“Yoga can show us how good it feels to be alive. But yoga will also show us exactly how badly we feel.”
Yoga is filled with bliss. Or perhaps more correctly: it is filled with expectation of bliss. Karin L. Burke’s recent article for YogaDork.com, Rage, Fear, Sadness, Fatigue. The Darkness of Yoga, is a refreshingly unromantic look at the experience of coming to your mat.
Her point is this: Yoga is not about bliss, but about honesty.
We come to a class with this expectation that “doing” yoga should bring us to bliss, or at least relaxation. Sometimes the expectation is sticking a pose, the perfect purvottanasana perhaps. I see it often in myself and my students. But what about when this bliss-chasing, ujayi-breathing leaves us questioning or disappointed?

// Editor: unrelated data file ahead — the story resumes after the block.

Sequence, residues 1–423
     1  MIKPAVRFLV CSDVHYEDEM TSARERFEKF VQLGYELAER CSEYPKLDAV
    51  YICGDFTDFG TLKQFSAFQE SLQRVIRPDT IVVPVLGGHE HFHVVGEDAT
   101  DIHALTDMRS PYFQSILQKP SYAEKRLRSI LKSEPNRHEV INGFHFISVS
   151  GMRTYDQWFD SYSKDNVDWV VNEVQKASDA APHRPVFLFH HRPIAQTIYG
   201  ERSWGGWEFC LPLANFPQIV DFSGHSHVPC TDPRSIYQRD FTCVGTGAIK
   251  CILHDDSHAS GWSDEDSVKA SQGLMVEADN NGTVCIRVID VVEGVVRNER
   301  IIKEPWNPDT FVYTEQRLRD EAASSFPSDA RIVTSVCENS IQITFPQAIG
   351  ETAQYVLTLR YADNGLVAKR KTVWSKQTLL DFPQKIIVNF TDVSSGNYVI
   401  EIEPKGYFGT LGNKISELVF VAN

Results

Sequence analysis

Burke writes, “there may come a day your brain starts swearing at the lovely yoga teacher saying something vapid about love in your newly blossomed chakra.” Familiar, right?
The practice is not meant to be perfection though. On our mats we can explore the full, complex range of experiences – murky and muddled and befuddling as it can be. As Burke points out, this exploration can be a painful process, especially in a society where achievement and perfection are so highly valued. Taking time to prod the darker corners of our lives is frightening and unappealing. But as I see it, bliss can’t exist without the full spectrum; we may fall hundreds of times in order to greet our edge, struggle with it, dance with it, and eventually soar beyond it.
This week I’m challenging myself and my students to release the expectation of bliss and embrace honesty. Meet yourself where you are on your mat – with wonder and wobbles, imperfections, strengths and woes.
“Yoga is a love story. Not the fluffy, romanticized love story, but the real one. The kind that leaves you changed.”